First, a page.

There is a difference between being a loner and an introvert and when it comes to classifying film characters, the two terms can get mixed up.
These days, young people are accused of constantly hiding behind screens and never partaking in the ‘real world,
This is in comparison, of course, to extroverts who get their energy from being around other people. Introverts do not tend to flourish in crowds or large groups of people at social gatherings, in fact, this could be their worst nightmare.
In horror films, this nightmare situation can result in violence or evil possession on the part of the introverted protagonist.
Please note this article discusses specific plot details of several contemporary horror films so watch out for spoilers!
iTHINK brings to you, how introverted personalities are portrayed in films.
What role does the introvert play in horror films?
The role of the introvert in horror cinema is fascinating. They sometimes take the form of the quiet character in a large group, who follows the crowd but for whom, there is more than meets the eye.
These characters keep to themselves however as the film unravels, they are usually revealed to be the villain or as having supernatural powers.
Key introverted characters in horror films:
The first horror film protagonist that comes to mind for most people when they think of introverted or quiet characters, is Carrie White, from Brian DePalma’s 1976 film adaptation of the Stephen King novel.
Carrie is a textbook case of a horror film introvert; she has no friends; she gets bullied at school by other girls and secretly has unexplainable supernatural powers.
Importantly, she gets her energy from her isolation and her religious mother.
Carrie is shaped as a social outcast from the very beginning of the film with the iconic scene of Carrie getting her period for the first time in the girls’ bathroom at school.
However, I feel that there are more recent and under-analysed examples of introverts in horror films that deserve more attention and discussion.
Case Study: Hereditary (2018)
Ari Aster’s Hereditary (2018) introduced horror film fans to a memorable introverted character, Charlie (Milly Shapiro).
Charlie Leigh is the daughter of Toni Collette’s character and it is clear that she is still reeling from her grandmother’s death and, as a result, keeps to herself.
Her disturbing behaviour isolates her even more from her peers at school: Charlie makes figurines out of rubbish and bits of metal, she can’t make eye contact with her mother and prefers to sleep outside the family home in a treehouse.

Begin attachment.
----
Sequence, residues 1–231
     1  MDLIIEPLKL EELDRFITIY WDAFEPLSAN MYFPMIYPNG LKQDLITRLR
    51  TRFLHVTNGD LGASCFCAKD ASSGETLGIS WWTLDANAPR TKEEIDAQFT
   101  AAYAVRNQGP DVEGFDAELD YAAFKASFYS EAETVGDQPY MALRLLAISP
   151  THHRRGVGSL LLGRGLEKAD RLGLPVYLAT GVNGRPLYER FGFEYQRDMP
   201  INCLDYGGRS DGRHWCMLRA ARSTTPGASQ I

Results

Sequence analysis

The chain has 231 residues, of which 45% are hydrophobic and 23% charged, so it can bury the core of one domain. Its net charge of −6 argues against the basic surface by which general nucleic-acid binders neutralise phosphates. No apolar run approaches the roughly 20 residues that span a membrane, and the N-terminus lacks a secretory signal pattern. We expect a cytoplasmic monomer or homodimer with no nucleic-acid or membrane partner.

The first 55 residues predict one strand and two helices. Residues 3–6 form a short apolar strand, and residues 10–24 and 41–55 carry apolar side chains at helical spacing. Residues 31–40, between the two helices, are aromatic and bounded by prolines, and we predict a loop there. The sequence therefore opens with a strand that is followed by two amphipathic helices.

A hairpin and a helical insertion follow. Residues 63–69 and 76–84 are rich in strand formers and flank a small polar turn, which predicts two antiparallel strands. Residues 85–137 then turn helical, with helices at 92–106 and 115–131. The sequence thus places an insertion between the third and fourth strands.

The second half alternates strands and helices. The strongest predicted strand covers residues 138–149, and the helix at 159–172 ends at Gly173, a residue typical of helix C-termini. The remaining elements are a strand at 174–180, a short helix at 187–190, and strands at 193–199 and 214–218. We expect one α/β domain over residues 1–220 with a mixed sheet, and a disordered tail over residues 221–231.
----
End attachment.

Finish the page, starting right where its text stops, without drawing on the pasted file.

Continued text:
It is clear that she is most at peace with herself and thrives when crafting these distorted figurines; making her into a key introverted character.
In a pivotal sequence, she is taken to a party by her older brother Peter as per their mother’s orders. Charlie sticks out like a sore thumb and attempts to fade into the background as her brother mingles.
Soon after, she meets her untimely death in one of the most shocking scenes in recent horror cinema, but it seems that her life has not ended as she manifests in visions and nightmares of her family members.
Charlie frequently makes her tongue click in her mouth making a short, low-pitched noise, so much so that this becomes strongly associated with her character’s introverted identity.
However, after her death, her family members still hear that eerie sound, implying that she is present, not physically, but aurally.
The Vampire as an Introvert
Many horror fans would consider the figure of the vampire as the original introvert: typically, they are cooped up in a castle for half the day, and by night, they stalk and hunt their human prey alone.
This solitary lifestyle has been reimagined by horror filmmakers for decades, but a recent foreign film puts a feminist perspective onto the vampire narrative.
A Girl Walks Home Alone at Night (2014), directed by Ana Lily Amirpour is an Iranian horror, filmed in black and white and almost resembles a silent film.
The film follows a young female vampire walking the streets at night looking for prey. She wears a long black cloak which covers her head but reveals a pale face with dark features.